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Old 10-07-2008, 11:07 AM   #226
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You mean the model of a father and mother who love each other and their children, which has emerged over thousands of years as the best environment for family?
Can we let go of the children for just one second?

Can we talk about marriage, rather than family? We all know that not every family is a two-parent household, yet the right tends to have these fantasies about the mommy and the daddy raising Junior and Sally, even though many households are headed by a single mother. Of course, this issue was successfully avoided in this thread a swell.


So, how indeed does two men getting married pose a problem?

Other than the horror of subverting nathan's hegemony as a straight man, I mean.
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Old 10-07-2008, 11:17 AM   #227
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Fine. Then I'd like to have babies.

that would be biology, nathan.

if you'd like to be the nurturing parent, you're more than welcome to do so. gender shouldn't hold you back. we do have male nursery school teachers, and we also have female rugby coaches.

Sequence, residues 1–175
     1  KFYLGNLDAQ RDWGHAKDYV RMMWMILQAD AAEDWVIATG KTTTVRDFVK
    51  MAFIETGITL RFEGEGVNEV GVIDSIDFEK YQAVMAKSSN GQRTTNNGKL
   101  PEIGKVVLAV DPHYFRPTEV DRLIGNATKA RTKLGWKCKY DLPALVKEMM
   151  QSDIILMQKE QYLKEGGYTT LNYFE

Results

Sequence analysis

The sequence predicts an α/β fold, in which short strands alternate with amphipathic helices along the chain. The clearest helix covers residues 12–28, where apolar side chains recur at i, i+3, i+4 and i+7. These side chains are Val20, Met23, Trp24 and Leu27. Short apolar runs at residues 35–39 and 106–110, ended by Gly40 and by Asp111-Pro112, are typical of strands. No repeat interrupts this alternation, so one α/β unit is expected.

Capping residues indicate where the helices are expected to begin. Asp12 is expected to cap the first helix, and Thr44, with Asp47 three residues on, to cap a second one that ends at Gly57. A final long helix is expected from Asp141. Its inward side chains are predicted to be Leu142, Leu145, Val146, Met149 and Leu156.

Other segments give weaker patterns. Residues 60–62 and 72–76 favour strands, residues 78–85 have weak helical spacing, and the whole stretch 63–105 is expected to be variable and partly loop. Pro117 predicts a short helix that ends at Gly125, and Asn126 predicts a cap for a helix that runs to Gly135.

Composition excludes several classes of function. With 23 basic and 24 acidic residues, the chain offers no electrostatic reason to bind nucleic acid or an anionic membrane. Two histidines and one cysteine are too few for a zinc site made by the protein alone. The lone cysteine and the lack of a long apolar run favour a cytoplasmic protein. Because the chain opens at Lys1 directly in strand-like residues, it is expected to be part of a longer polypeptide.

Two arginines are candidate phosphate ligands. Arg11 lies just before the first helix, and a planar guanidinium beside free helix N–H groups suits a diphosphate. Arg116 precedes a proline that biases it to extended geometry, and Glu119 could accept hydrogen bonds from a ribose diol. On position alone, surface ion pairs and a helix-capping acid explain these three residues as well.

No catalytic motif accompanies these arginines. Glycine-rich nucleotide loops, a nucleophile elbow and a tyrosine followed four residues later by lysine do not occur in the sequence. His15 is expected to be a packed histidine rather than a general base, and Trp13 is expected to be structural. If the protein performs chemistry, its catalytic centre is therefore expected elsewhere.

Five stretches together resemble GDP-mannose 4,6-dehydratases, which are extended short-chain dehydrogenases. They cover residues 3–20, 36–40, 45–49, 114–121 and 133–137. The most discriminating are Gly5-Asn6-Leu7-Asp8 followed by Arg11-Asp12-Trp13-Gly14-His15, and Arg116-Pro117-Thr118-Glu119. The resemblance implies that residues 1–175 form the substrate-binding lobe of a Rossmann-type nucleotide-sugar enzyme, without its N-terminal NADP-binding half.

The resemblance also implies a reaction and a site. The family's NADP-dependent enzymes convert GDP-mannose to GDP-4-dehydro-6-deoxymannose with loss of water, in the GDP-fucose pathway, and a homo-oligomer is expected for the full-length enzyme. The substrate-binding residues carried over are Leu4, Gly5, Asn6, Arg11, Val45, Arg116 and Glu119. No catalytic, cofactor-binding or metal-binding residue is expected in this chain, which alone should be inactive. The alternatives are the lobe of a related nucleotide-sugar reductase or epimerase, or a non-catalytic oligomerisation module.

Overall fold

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I'm being facetious, but at some point, we all have to do deal with the biological difference and distinctions that make us who and what we are.

but they shouldn't, in and of themselves, limit what we do and who we can be and what rights are available to us.




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You mean the model of a father and mother who love each other and their children, which has emerged over thousands of years as the best environment for family?

nope. lots of these so-called models are abject failures. it's the quality of the individuals involved that determines success, not the structure.

again, nathan, it's content, not form.
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Old 10-07-2008, 11:18 AM   #228
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Do you really mean to equate a man and a woman who love one another and their children with slavery and statutory rape?


you're the one invoking thousands of years of human history.

"love," as we understand it, is quite a new concept.
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Old 10-07-2008, 12:26 PM   #229
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Some of you have asked about why it's necessary to have parents of opposite gender raising a child.

I support gay marriage, and I do not support Prop 8. However, I do think that maybe some of you are dismissing this question a bit too quickly and lightly. It could be a very valid issue to think about, especially in the scenario of a child being raised by a same-sex couple who are the opposite gender of the child.